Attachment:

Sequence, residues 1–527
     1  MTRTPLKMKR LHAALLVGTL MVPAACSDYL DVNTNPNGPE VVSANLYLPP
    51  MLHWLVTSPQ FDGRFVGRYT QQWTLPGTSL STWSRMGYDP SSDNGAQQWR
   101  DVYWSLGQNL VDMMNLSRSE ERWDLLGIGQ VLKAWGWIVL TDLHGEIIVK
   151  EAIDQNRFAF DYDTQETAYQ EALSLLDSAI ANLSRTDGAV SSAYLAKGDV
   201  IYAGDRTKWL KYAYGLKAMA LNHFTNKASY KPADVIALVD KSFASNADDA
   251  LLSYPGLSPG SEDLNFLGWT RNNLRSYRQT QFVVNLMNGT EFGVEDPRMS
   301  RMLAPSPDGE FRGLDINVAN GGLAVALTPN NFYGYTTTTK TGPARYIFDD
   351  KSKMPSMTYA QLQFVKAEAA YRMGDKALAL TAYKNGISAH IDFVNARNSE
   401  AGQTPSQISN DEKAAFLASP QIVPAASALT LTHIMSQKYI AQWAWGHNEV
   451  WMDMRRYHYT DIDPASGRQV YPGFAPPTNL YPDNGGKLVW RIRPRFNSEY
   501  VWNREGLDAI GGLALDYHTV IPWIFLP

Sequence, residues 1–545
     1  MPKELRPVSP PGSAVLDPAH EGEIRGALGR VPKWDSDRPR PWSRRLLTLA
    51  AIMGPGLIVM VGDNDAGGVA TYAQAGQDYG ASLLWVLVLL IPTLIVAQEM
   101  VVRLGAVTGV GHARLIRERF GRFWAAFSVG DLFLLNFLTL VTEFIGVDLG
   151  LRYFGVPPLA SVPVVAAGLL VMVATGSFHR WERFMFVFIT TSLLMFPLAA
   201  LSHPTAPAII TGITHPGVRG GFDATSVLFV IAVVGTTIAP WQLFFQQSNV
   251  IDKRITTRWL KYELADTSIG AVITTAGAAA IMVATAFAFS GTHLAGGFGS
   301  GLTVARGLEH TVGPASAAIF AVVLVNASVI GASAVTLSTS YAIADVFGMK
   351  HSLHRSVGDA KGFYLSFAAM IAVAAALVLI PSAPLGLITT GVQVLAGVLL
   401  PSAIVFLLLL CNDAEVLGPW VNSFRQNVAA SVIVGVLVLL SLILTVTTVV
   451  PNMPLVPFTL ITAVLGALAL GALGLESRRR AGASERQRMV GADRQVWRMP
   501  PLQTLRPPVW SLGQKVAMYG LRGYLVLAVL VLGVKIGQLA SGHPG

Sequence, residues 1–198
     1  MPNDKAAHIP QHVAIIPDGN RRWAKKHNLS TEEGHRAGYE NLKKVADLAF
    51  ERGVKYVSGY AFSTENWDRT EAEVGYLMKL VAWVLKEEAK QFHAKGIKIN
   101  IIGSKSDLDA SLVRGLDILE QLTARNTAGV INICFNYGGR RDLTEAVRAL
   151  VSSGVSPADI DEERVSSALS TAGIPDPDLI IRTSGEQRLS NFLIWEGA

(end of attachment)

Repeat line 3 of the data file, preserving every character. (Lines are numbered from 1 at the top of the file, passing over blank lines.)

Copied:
    51  MLHWLVTSPQ FDGRFVGRYT QQWTLPGTSL STWSRMGYDP SSDNGAQQWR